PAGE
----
As the vote on bilateral agreements with the European Union draws closer, the debate continues over what Switzerland stands to gain from the agreements.This content was published on May 15, 2000 - 14:24
One sector of Swiss business which is eager to exploit closer ties with the European Union is the dairy industry.
The last few years have not been easy for Switzerland's dairy industry. Milk subsidies have been reduced, and guaranteed prices for certain cheeses such as Emmentaler and Gruyère have been abolished. Above all, Swiss producers don't have easy access to the lucrative markets of the European Union. Every kilogramme of Swiss cheese exported is subject to customs duty. But, if the bilateral agreements are approved, all that could change.
"The main advantage for us would be the reduction in customs duty for cheese," says Guido Eggli of Swiss Dairy Food, Switzerland's largest producer of milk products. "We definitely hope to be able to export more."
At the moment only 15 per cent of Swiss Dairy Food products are exported, but the company hopes to increase this to 25 or even 30 per cent if Swiss voters say "yes" to the bilateral agreements.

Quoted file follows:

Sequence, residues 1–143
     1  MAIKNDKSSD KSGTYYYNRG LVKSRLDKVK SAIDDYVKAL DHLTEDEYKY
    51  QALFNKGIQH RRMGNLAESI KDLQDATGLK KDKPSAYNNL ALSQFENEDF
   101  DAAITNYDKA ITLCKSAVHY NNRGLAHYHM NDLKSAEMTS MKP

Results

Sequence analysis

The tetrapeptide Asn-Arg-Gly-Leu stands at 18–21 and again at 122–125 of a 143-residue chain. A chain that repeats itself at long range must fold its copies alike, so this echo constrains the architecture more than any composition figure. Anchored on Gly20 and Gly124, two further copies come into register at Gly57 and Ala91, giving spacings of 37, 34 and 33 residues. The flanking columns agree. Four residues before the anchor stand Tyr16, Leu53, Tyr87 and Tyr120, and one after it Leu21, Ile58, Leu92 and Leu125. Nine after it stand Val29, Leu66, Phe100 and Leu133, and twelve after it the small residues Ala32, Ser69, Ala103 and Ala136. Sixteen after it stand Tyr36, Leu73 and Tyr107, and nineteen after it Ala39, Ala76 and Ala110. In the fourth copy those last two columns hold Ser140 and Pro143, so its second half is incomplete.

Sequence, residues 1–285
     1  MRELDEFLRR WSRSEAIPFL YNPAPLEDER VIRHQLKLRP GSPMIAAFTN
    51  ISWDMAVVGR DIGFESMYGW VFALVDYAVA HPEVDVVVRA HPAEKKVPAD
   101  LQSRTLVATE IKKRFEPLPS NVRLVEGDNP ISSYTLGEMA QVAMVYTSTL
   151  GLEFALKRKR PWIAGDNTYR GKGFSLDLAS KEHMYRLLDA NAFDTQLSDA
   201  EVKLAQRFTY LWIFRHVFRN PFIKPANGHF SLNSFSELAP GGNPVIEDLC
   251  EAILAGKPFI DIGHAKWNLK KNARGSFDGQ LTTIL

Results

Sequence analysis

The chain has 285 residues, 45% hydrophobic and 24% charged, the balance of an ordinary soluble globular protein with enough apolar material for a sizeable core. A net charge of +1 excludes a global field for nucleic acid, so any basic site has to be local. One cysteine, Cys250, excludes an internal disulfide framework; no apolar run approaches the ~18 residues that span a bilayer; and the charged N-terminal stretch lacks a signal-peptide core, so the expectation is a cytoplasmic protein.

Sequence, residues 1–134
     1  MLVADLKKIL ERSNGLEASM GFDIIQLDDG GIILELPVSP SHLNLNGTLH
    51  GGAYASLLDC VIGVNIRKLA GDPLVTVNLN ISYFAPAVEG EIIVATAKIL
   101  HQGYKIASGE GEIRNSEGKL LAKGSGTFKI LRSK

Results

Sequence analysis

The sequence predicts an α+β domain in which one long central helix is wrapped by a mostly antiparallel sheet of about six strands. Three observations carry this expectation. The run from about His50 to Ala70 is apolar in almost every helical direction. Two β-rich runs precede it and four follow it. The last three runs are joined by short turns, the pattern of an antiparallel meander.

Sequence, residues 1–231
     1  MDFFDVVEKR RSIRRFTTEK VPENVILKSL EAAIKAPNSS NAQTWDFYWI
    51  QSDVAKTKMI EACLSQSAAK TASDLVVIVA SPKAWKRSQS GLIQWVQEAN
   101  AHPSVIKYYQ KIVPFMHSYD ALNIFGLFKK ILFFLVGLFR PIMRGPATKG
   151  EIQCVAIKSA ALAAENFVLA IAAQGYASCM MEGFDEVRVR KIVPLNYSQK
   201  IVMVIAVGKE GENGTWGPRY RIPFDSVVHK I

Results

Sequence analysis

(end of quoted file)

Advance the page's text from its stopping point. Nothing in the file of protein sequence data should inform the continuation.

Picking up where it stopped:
"We have strategic targets," said Eggli, "our main markets are Germany, Italy, and the Benelux countries, and we plan aggressive advertising campaigns for all of them."
The management at Swiss Dairy Food knows it has to be selective about what it tries to export. "Fresh milk products such as yoghurt, chocolate milk and things like that won't work," said Eggli, "our milk prices are still too high to be competitive. But we are developing new products which we are keeping secret at the moment and we hope to develop export markets for these. And we are Switzerland's largest producer of raclette cheese; I am very optimistic that we will export a lot of this."
Swiss Dairy Food is focusing on how the bilateral agreement governing trade will affect business. The agreement on free movement of labour has not aroused a great deal of interest. "So far our executive has not discussed employing more EU nationals" said Guido Eggli, "obviously it might be a possibility in the future, but we haven't really considered it. But we know the bilaterals will put us in a good situation, they are a must for Switzerland."
But how would Swiss Dairy Food be affected if the bilaterals were rejected? "Well I expect them to be approved," said Eggli, "but if that did not happen not only Swiss Dairy Food but the whole dairy industry in Switzerland, including the dairy farmers would be the losers. It would be a big mistake for our country."
So, Switzerland's largest producer of milk products is a firm supporter of closer ties with the EU. There are no fears at Swiss Dairy Food that the bilaterals might be bad for business, quite the opposite, this company is impatient to compete in those lucrative EU markets.
by Imogen Foulkes
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